Plasma Free Fatty Acids in Risk Assessment of Sepsis in the Emergency Department: A Prospective Pilot Study
Plasma free fatty acids (FFAs) are thought to play a role in the generation of organ dysfunction. The investigators hypothesize that plasma FFA levels are a marker of poor prognosis in patients with sepsis. The present study will examine the relation between plasma FFA levels and severity of illness in patients with sepsis presenting to the Emergency Department. It will also examine the relation between plasma FFA levels and the risk of developing late morbidity, multiple organ dysfunction syndrome (MODS) and/or mortality during initial hospitalization and over a 30-day follow-up period.
|Study Design:||Observational Model: Cohort
Time Perspective: Prospective
|Official Title:||Plasma Free Fatty Acids in Risk Assessment of Sepsis in the Emergency Department: A Prospective Pilot Study|
- Disposition: Admission to hospital or discharge home [ Time Frame: within 48 h ] [ Designated as safety issue: No ]
- Hospital length-of-stay [ Time Frame: 30 days ] [ Designated as safety issue: No ]
- All cause mortality [ Time Frame: 30 days ] [ Designated as safety issue: No ]
Biospecimen Retention: Samples With DNA
Blood samples (10 cc. total) are to be collected in non-heparinized tubes upon initial presentation to the ED as well as 3-6hours and 24(+/-3) hours after the initial blood draw. The 3-6hour and 24-hour blood draw will be optional depending on patient location and the availability of study personnel. The plasma samples will be aliquoted and frozen at -70°C for later assays. These samples will be assayed for plasma FFA, plasma glucose, plasma insulin, and future cytokines including IL-1 and TNF.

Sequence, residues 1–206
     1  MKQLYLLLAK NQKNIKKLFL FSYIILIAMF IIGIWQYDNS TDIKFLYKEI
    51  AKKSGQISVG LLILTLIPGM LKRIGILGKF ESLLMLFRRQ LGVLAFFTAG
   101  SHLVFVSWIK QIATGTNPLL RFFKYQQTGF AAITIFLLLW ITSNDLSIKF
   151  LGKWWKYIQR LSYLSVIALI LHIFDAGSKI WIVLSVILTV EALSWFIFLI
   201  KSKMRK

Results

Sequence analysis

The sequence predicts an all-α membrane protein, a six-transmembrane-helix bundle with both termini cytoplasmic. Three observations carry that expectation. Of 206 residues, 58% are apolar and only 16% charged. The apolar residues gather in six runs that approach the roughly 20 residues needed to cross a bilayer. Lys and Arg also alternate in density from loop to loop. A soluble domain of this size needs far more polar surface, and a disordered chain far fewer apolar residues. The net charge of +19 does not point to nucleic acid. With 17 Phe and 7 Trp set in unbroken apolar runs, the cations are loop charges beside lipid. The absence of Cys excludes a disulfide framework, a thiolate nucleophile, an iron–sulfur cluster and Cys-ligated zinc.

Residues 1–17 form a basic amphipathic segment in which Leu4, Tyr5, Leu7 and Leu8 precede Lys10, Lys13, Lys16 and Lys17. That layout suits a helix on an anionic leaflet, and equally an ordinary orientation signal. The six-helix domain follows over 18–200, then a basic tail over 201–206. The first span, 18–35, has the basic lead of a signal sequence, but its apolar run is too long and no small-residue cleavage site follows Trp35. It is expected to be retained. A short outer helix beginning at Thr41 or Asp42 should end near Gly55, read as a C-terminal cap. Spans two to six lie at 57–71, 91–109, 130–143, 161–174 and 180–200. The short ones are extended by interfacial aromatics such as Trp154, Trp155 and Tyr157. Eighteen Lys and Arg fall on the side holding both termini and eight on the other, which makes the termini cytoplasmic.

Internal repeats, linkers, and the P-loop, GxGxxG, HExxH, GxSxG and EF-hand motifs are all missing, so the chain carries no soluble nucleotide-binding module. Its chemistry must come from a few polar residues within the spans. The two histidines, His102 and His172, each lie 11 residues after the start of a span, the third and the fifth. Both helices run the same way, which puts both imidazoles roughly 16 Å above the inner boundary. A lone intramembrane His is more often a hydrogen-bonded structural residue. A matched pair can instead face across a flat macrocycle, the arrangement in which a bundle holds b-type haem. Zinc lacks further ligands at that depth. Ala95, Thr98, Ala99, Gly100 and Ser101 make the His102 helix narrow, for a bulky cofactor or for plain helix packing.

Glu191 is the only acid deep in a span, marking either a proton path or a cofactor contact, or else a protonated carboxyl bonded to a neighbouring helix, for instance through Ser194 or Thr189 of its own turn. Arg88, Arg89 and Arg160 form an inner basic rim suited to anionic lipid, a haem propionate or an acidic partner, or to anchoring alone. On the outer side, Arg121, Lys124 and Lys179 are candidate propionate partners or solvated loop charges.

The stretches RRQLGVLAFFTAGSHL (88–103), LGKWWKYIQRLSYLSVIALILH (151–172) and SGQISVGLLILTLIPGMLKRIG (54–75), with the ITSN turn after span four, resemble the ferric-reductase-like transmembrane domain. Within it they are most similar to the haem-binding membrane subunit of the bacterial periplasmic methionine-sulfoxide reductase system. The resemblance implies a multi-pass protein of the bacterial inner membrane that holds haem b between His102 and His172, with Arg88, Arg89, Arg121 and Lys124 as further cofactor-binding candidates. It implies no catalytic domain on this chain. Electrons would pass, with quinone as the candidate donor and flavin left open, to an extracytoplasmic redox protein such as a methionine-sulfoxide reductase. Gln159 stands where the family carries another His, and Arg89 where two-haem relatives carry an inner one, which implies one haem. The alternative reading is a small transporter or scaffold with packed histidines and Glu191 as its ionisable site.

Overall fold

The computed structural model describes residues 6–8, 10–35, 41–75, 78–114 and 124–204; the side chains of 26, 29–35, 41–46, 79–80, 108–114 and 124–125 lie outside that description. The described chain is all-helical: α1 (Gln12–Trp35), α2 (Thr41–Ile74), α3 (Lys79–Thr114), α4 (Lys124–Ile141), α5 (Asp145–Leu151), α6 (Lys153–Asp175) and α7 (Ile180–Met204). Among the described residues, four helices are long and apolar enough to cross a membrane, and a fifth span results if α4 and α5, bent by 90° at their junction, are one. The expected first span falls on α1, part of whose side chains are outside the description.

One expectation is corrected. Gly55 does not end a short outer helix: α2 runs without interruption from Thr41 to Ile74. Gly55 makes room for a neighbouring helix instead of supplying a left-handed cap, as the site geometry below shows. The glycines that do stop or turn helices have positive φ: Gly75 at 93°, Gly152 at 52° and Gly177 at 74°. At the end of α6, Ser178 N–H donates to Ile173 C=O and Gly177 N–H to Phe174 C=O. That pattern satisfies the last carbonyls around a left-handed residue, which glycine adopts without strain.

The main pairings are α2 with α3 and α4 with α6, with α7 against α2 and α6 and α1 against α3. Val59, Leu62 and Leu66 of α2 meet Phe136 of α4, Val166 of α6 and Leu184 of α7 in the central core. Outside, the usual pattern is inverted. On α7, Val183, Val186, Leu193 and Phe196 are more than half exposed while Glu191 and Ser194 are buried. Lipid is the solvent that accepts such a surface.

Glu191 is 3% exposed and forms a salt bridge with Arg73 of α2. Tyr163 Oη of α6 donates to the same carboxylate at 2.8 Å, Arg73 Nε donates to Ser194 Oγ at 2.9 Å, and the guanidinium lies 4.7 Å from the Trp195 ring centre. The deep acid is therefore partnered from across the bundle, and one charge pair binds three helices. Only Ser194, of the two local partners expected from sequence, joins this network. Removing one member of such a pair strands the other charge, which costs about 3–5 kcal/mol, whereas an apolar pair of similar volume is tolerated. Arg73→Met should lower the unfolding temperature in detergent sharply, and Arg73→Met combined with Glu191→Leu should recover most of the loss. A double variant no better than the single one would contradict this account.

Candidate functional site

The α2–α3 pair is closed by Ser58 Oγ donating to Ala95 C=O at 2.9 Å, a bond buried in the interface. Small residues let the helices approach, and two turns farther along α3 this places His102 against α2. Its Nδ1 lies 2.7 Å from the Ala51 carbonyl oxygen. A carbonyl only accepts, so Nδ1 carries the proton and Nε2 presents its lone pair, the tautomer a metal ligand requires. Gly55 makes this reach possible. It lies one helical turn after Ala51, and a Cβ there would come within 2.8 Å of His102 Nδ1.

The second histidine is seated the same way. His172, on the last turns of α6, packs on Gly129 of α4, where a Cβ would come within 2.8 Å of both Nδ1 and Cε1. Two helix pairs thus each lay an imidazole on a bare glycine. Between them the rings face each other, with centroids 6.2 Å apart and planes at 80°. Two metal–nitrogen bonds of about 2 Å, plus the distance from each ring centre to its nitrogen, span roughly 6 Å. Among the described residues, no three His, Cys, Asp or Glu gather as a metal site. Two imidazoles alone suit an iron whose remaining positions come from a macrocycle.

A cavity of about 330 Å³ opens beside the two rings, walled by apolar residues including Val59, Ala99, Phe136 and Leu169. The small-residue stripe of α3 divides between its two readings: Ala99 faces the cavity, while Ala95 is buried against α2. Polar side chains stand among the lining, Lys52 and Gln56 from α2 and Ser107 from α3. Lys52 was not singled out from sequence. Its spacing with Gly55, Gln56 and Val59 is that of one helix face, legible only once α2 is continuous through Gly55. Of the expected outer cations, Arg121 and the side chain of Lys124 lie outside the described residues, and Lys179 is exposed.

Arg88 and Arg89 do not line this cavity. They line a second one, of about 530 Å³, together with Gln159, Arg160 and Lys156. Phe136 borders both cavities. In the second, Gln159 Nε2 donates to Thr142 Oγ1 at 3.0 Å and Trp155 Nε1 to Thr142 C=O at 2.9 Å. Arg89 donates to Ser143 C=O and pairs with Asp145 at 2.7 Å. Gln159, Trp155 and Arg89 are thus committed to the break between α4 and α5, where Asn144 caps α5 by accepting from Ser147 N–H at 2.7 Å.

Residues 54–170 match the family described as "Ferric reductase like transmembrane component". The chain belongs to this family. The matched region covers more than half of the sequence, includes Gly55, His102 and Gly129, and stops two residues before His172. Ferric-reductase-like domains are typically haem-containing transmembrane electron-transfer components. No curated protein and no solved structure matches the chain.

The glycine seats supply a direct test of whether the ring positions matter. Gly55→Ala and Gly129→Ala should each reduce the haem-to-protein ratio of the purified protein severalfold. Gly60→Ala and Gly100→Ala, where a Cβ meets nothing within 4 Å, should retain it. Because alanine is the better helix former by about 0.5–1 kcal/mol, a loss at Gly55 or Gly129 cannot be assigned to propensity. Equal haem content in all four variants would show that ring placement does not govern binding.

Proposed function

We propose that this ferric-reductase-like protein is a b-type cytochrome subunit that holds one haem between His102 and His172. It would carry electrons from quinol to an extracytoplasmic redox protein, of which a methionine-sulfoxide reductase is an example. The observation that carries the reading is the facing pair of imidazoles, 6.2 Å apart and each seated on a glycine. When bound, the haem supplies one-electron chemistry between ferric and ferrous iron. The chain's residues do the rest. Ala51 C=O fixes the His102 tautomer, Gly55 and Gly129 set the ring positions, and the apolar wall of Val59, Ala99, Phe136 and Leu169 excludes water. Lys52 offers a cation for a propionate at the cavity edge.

|Study Start Date:||February 2008|
|Study Completion Date:||January 2012|
|Primary Completion Date:||January 2012 (Final data collection date for primary outcome measure)|
The long term objective of this study is to investigate the mechanism by which plasma free fatty acids (FFAs) contribute to the progression of sepsis severity in infectious patients presenting to the Emergency Department. In the present study, pilot data will be generated to validate our hypothesis that elevated free fatty acids are related to outcome in sepsis.
We will examine our hypotheses with the following specific aims:
- To determine if plasma FFA levels are related to severity of illness in patients with sepsis presenting to the Emergency Department.
- To study the prognostic value of plasma FFA levels at predicting future morbidity and mortality in patients with sepsis presenting to the Emergency Department.
|United States, Ohio|
|Cleveland, Ohio, United States, 44195|
|Principal Investigator:||Rakesh Engineer, MD||The Cleveland Clinic|
|Principal Investigator:||Caitlin W Hicks, BA||The Cleveland Clinic|